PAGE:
Development of atherosclerosis is a complex process involving smooth muscle cells, endothelial cells and inflammatory cells, and, in particular, monocyte-derived tissue macrophages, B or T cells, and reactive oxygen species are believed to promote atherosclerosis. Once endothelial cells are activated, they express adhesion molecules important for the extravasation of inflammatory cells. The activated endothelial cells express, among other adhesion molecules, E-selectin, P-selectin, and ICAM-1, which in turn participate in the extravasation of leukocytes. Potent pro-inflammatory cytokines were also expressed at the sites of incipient vascular lesions. TNF-α, IL-1, as well as several chemokines including IL-8 and MCP-1, have been detected at elevated levels in atherosclerotic lesions.
It is now well accepted that the acute stability of vascular lesions is a more important determinant of short-term, e.g., less than several years, risk of myocardial infarction, than is total plaque burden. Inhibitors of cytochrome P450 enzymes may be useful to inhibit or prevent atherosclerosis, e.g., by reducing plaque burden or lesion development, or increasing plaque stability, and thus reduce the risk of myocardial infarction. Animal models of atherosclerosis are known to the art and may be employed to screen for agents with desirable properties (see, e.g., Post et al., 2002; Berg et al., 2002; George et al., 2002; Nishimoto et al., 2002).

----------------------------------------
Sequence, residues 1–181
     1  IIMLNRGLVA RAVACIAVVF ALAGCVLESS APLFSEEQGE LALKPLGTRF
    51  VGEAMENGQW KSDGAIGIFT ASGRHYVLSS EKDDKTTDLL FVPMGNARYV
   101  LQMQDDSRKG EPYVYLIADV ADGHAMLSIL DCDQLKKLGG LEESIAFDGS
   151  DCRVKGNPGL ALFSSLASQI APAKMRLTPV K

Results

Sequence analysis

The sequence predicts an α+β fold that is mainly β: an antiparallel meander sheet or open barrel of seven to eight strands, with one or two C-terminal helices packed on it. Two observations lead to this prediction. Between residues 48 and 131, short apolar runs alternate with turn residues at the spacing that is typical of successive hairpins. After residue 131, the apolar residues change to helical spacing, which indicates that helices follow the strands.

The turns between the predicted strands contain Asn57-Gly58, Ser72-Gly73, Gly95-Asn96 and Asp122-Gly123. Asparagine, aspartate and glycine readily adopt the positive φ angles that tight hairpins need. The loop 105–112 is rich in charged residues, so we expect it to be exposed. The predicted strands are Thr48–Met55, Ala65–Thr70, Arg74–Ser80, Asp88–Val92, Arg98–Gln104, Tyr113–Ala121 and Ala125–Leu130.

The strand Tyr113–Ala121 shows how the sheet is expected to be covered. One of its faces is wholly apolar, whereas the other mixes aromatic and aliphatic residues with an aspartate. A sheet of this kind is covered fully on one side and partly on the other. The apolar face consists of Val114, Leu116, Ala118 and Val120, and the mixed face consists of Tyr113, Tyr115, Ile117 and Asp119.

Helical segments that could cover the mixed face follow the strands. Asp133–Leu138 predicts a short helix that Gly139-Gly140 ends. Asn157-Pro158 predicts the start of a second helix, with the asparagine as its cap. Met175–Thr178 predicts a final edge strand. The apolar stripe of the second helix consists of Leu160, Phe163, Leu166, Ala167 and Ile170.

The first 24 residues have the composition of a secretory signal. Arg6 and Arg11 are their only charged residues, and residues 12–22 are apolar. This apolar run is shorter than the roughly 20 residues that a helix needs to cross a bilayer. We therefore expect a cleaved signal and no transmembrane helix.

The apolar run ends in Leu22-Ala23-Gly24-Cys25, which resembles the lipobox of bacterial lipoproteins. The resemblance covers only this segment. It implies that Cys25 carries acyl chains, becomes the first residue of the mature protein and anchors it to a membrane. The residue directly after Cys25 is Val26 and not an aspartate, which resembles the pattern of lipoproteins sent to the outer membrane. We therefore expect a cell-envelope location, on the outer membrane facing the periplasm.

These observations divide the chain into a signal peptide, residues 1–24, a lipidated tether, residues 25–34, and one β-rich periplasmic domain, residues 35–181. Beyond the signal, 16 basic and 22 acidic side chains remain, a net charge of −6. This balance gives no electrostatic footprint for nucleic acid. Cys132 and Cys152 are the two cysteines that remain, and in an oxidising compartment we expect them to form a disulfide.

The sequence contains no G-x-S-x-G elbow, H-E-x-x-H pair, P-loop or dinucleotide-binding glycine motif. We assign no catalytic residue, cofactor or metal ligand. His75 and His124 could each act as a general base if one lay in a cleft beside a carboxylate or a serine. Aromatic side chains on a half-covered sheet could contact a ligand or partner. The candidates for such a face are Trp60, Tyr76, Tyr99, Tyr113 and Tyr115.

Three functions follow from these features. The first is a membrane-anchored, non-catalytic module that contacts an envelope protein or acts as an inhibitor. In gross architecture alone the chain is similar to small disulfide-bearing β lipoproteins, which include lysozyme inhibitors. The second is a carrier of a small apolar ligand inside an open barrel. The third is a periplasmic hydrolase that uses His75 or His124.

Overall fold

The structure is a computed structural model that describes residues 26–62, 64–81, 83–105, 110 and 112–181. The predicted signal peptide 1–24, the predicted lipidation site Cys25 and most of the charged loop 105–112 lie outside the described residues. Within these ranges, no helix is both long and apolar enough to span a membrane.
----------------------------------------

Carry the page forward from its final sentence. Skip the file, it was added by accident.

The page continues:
Hypertension is a risk factor for atherosclerosis. To determine whether an agent of the invention is useful to inhibit or treat hypertension, a rabbit model is employed. New Zealand white rabbits are fed an atherogenic diet for three weeks to induce plaque formation. One half of each group of rabbits is administered a test agent. Aortic coarctation is created in one group of the rabbits by wrapping a Dacron band around the midportion of the descending thoracic aorta (stenosis group). Another group of rabbits undergo the banding technique without aortic constriction. Yet another group of rabbits serve as controls.